Taiwan's presidential election saw the incumbent Ma Ying-jeou win another four-year term in office over his opponent Tsai Ing-wen. But the interpretation of this outcome by Washington and Beijing misses an important dimension of Taiwan's political reality. Their flawed understanding could have damaging consequences over the next four years, say LC Russell Hsiao & Hsin-Huang Michael Hsiao.

North Korea, the arts of succession

The aftermath of the death of Kim Jong-Il highlights the obstacles in the way of a clear assessment of North Korea's power dynamics, says JE Hoare.

2012, an era of uncertainty

The tsunami and nuclear accident made 2011 an especially hard year for Japan. But the questions raised by the experience are similar to those being asked across the world, says Takashi Inoguchi.

Kim Jong-Il: leadership and legacy

North Korea's leader of almost two decades has died. What happens next will determine Kim Jong-Il's place in the country's history, says Charles K Armstrong.

Pakistan: next in line?

After Vietnam, Iraq and Afghanistan, the US has now turned its belligerent attention towards Pakistan. But opening up a new battlefront, this time in Pakistan, in the run-up to the presidential elections, will prove another quagmire for the Obama administration.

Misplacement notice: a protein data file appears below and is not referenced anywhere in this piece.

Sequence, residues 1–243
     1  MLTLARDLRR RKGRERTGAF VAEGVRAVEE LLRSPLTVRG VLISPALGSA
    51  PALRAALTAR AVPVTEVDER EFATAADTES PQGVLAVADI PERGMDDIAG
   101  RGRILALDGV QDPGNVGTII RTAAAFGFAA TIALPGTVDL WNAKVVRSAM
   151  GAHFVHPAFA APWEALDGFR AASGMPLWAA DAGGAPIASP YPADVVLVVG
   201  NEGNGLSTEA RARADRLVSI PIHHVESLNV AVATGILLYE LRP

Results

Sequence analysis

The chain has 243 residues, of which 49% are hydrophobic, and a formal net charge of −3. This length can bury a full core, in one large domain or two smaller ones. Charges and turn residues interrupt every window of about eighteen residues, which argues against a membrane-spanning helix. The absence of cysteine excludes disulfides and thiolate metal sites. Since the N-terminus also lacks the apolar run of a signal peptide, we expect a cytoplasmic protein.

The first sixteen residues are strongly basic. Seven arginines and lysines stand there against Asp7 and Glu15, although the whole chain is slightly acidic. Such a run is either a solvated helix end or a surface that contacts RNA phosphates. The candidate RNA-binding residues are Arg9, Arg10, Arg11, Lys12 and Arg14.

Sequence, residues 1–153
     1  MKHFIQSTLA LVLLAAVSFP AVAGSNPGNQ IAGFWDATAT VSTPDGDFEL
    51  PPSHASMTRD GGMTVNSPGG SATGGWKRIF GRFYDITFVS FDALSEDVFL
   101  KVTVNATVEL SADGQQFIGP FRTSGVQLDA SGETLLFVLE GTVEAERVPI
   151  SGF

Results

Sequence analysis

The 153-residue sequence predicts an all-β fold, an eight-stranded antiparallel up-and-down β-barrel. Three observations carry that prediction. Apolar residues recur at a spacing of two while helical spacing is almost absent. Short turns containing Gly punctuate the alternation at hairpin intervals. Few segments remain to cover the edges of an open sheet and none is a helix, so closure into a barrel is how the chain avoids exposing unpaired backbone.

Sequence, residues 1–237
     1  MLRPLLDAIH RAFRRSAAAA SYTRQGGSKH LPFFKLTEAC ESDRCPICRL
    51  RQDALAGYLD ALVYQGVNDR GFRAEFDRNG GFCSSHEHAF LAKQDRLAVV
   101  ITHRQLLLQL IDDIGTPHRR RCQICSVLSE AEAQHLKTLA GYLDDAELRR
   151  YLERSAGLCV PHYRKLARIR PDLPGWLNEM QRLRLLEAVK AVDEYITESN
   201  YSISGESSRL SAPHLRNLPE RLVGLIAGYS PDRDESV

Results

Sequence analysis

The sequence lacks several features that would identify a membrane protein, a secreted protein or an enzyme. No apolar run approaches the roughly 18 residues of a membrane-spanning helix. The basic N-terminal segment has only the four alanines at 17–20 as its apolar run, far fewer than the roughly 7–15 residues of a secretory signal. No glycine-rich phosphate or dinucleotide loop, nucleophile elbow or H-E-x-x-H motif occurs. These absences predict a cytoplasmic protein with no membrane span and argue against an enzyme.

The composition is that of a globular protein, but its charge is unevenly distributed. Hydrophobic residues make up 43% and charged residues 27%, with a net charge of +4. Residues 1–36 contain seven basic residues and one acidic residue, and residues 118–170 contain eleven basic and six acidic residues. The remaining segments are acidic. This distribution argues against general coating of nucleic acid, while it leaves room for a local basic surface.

Bangladesh: A road map for political disaster

Far from being reconciliatory, the government's International War Crimes Tribunal is tantamount to a witch hunt of the opposition.

Nepal: wrong trail, right track

The return to democracy in Nepal after the decade-long civil war has been bumpy. The question of amnesty for crimes committed during the war now faces the new Maoist-led government with a key choice, says Meenakshi Ganguly.

Indonesia: pluralism vs vigilantism

A pattern of violence against the Ahmadiyah religious community, in which the perpetrators enjoy near-impunity and official indulgence, is disfiguring Indonesia. It also presents a wider challenge to the country’s vital search for a model of religious tolerance in public life, says Charles Reading.